James Asher's great world fusion album, Tigers of the Raj, seems like a strange candidate for a remix album, since it already was a heady and infectious groove fest. But, hey, whatever works - and this does work most of the time. Asher invited a stellar crew of UK DJs and remixers to delve into the mysteries of his East Indian fusion recording and see what they could come up with. The results are mixtures of hip hop, drum and bass, dub, and other subgenres of house and dance music. It's all very solid and well-done, and if you're into this kind of thing (and I am, of course), Tigers of the Remix is worthwhile listening. Maybe it's not as adventurous as Talvin Singh or Joi, but don't blame the source material, that's for sure. Some of the remixes just seem to play it a little on the safe side.
Among the remixes I particularly like are Swordfish's take on "Liquid Sky" (a full-out techno blast of adrenaline), the trippy work of The X-Zecutive on "Duskfire" and D.J. Haiko's drum and bass spin on "Nataraj Express." Some of the cuts are less fun than others, so I can't say this is all first class. However, since the original material is so good already, it's not hard to recommend this to fans of club, dance and similar electronica venues. World music fans who have been searching for a "safe" dance/fusion album to try out would be well-served to consider Tigers of the Remix. Nothing here will scare away the novice and the afficionado will find plenty to smile about as well. Thumbs up. Written by Bill Binkelman, a.k.a. the Man who would be King. Reproduced with permission from the Wind & Wire web site.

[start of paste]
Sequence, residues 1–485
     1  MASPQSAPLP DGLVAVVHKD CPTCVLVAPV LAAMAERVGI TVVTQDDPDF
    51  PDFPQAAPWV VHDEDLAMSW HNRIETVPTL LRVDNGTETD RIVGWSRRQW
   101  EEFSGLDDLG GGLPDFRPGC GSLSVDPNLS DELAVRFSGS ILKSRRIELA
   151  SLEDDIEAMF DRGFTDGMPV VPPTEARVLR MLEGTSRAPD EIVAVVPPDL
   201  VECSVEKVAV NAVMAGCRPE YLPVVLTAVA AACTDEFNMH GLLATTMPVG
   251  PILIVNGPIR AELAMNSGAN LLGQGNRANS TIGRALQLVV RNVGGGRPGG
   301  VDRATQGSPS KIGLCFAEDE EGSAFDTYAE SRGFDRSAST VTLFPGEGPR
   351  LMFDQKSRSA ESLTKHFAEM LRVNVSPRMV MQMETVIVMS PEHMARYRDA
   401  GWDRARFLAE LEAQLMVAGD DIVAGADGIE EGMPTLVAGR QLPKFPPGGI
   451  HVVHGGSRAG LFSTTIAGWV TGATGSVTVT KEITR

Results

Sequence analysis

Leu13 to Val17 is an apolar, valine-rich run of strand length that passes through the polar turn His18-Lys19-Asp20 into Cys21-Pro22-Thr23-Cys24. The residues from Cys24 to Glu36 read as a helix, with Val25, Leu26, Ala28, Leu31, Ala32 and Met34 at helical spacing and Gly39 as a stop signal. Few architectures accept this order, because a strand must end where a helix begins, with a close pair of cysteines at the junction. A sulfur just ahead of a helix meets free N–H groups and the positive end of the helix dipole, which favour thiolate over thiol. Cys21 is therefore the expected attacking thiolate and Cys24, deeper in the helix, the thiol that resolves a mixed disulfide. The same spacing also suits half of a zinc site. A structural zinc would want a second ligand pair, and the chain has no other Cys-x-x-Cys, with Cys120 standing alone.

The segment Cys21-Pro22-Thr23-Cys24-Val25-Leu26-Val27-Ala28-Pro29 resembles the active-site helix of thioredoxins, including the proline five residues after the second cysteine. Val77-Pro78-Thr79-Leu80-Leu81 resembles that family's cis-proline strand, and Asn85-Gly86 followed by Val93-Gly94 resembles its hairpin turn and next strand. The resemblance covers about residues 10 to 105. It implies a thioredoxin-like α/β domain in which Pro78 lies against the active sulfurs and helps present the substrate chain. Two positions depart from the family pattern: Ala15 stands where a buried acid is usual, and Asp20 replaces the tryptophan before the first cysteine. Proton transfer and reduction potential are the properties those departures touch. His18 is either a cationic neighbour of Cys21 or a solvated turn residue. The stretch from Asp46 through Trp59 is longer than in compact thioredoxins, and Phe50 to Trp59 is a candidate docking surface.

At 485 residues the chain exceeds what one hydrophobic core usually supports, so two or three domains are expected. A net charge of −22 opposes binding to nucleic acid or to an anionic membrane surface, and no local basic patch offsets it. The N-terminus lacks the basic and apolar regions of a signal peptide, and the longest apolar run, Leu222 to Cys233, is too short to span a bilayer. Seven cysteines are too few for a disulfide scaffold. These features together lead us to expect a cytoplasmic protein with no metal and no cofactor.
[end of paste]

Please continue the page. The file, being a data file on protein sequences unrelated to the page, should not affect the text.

Groovy, ambient, world fusion dance remixes. Drummer-turned-keyboardist James Asher's masterly percussive project of Indian raga grooves by over 20 musicians and vocalists, including Sandeep Raval, Glen Velez, and Al Gromer Khan. Tigers of the remix delivers diversity in "groovy ambient dance remixes" by noted Anglo-Asian/world-fusion DJs.
Pound your chest on a mountain top. This is the only James Asher, or James Asher remix CD I have ever heard, and it's one of those CD's that the first time you hear it, you demand who the hell it is. What it lacks in the 2nd half of the CD, it makes up in the first half. It puts you ready to dance, imagine, revel in yourself, pound your chest on a mountain top, go mad...which is a good thing. All sorts of beats are mixed, funk, the sound of running water(it's not new age though, new age would give it a horrible name). There are remixes by different DJ's from all over the world, but there is still a unity to the CD, thanks to James Asher's original work. Anon Italy 5/5
Kali Thunder is the US release of 'Tigers of the Remix'. Apart from the cover art the album is identical to the original UK release.